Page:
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From: Rob Stewart (stewart_at_[hidden])
Date: 2003-10-27 10:33:06

From: Beman Dawes <bdawes_at_[hidden]>
> At 04:38 AM 10/24/2003, Paul A. Bristow wrote:
> >PS I feel this long dialog may be showing a weakness in the review
> >process.
> >I can (from experience) understand authors' reluctance to put a lot of
> work
> >into the documentation (or redoing code) unless one can be sure that the
> >code is going to be accepted. Do we need to accept a proposal in
> >principle, then have a
> >revision period, and then finally review and accept as 'official' release
> >version (1st version anyway)?
> There is definitely a chicken-and-egg problem. Reviewers often want fairly
> finished docs, but developers don't want to put effort into finished docs
> unless a library is going to be accepted.

Paul's question wasn't just about documentation. Can a proposed
library, with some minimally sufficient documentation and
framework sketch, be provisionally accepted before an author
begins rigorously pursuiing the idea? That seems more than
reasonable. There was much discussion regarding the efficacy of
a Boost PBSP well in advance of most of the work done on it.
That discussion gave credence to the idea before the hard work

Sure, folks post queries as to whether there is interest in this
or that library, but that doesn't have the same visibility as a
formal proposal review, so fewer will seriously consider the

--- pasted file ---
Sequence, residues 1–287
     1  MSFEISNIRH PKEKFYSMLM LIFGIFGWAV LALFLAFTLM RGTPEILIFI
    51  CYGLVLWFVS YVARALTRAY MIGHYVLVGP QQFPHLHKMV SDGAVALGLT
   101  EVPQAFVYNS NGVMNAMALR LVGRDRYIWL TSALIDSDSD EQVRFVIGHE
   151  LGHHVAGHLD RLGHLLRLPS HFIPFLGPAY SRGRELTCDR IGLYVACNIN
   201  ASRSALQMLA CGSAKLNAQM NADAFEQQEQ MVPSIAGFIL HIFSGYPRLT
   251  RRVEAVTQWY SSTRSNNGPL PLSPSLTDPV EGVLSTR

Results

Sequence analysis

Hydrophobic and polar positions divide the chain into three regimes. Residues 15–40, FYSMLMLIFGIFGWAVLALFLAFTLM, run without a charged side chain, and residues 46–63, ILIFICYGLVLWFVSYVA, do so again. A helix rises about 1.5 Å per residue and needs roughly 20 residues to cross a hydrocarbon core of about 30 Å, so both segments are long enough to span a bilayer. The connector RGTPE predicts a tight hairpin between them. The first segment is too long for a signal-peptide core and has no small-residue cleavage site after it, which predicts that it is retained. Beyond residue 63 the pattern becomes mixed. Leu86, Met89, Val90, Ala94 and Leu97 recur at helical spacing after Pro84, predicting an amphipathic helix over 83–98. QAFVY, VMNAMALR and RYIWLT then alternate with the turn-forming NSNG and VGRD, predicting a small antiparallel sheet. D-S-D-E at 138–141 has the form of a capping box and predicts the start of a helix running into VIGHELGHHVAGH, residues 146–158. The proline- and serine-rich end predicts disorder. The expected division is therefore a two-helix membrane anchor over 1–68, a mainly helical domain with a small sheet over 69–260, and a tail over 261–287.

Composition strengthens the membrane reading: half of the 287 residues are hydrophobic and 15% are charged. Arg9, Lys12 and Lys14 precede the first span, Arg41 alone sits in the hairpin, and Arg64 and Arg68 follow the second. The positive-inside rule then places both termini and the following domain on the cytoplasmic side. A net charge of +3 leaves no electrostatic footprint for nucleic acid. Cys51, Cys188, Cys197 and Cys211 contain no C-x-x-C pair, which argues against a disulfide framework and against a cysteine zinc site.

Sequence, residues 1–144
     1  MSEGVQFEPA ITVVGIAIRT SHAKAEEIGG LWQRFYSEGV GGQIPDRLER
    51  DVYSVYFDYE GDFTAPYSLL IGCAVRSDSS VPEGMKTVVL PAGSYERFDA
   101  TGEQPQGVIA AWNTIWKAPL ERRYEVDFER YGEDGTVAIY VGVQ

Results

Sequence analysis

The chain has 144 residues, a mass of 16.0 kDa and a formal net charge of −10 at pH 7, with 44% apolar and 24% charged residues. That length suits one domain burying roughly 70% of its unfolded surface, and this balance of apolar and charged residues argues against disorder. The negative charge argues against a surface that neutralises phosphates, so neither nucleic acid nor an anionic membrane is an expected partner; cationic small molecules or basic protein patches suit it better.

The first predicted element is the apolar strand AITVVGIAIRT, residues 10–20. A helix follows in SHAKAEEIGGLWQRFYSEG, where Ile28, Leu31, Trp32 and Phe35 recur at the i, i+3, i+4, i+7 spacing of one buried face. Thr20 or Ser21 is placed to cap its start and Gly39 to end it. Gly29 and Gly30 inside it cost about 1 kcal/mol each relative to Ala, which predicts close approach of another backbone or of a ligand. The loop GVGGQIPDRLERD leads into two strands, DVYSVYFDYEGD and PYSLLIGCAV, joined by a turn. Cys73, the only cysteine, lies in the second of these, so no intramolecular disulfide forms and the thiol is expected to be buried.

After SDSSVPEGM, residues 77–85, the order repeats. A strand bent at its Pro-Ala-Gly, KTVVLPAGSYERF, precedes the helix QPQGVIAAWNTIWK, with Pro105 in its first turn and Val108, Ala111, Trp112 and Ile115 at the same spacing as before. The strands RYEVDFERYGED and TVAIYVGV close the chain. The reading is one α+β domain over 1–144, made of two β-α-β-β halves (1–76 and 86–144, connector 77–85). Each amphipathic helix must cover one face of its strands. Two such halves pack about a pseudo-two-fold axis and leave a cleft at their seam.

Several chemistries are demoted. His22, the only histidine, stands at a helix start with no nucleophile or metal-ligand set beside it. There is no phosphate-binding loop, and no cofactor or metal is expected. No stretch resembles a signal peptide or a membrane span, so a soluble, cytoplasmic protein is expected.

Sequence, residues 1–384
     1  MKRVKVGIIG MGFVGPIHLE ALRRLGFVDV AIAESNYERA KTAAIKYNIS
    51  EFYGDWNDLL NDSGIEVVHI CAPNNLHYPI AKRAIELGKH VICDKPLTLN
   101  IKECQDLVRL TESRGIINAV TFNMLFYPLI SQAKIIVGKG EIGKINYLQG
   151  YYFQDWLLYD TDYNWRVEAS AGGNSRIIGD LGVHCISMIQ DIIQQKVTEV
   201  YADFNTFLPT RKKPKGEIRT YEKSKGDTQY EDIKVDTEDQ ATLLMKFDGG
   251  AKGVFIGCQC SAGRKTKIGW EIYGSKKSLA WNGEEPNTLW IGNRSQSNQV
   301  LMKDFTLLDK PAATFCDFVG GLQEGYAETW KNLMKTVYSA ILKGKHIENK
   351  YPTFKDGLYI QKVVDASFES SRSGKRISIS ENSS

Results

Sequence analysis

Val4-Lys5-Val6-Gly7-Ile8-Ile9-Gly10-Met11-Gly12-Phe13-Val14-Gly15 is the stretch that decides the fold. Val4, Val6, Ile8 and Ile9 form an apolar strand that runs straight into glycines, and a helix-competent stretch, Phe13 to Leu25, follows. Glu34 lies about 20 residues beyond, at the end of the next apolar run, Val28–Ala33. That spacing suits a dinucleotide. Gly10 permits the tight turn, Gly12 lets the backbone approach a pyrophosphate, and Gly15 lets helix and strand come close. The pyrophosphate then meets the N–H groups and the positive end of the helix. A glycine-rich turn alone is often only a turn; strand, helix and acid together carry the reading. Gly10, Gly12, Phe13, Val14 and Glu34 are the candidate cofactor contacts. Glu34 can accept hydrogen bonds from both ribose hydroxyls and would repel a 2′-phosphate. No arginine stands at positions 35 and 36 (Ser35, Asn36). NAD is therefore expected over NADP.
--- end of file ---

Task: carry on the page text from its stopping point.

proposal's value.

Obviously, should a good idea prove unworkable, or should the
design deviate too much from the proposal, then the library can
still be rejected under this approach. IOW, provisional
acceptance of a library does not guarantee final acceptance.

Even if those changes aren't adopted anytime soon, may I suggest
that documentation for an initial review not be part of the
review. That is, documentation is required -- otherwise, many
will be unwilling to do the review -- but no requirements need be
levied on the documentation short of clarity and sufficiency.
The documentaiton should allow reviewers who have not previously
seen the library under review to understand its purpose, goals,
design notions, and contents. Any questions raised during the
review should be noted as indications of material needed in the
final documentation.

By removing the rigor and formatting demands from the
documentation, the library author can worry about the details of
the code before its acceptance. Then, once the library has been
(provisionally) accepted, the documentation must pass muster
during a follow-on review before full acceptance into Boost.

The drawback to this approach is that reviewers must come back to
participate in the documentation review and that those reviewers
will already have become familiar with the library. The former
should not be too burdensome as they need to spend that time
either way if they provide a full review. The latter means that
no retruning reviewers will approach the documentation as a
newbie to the library, so it may not get reviewed from the same
perspective. Mitigating that, newbies will come along with
problems based upon deficiencies in the documentation, so it can
be corrected over time.

Rob Stewart                           stewart_at_[hidden]
Software Engineer           
Susquehanna International Group, LLP  using std::disclaimer;

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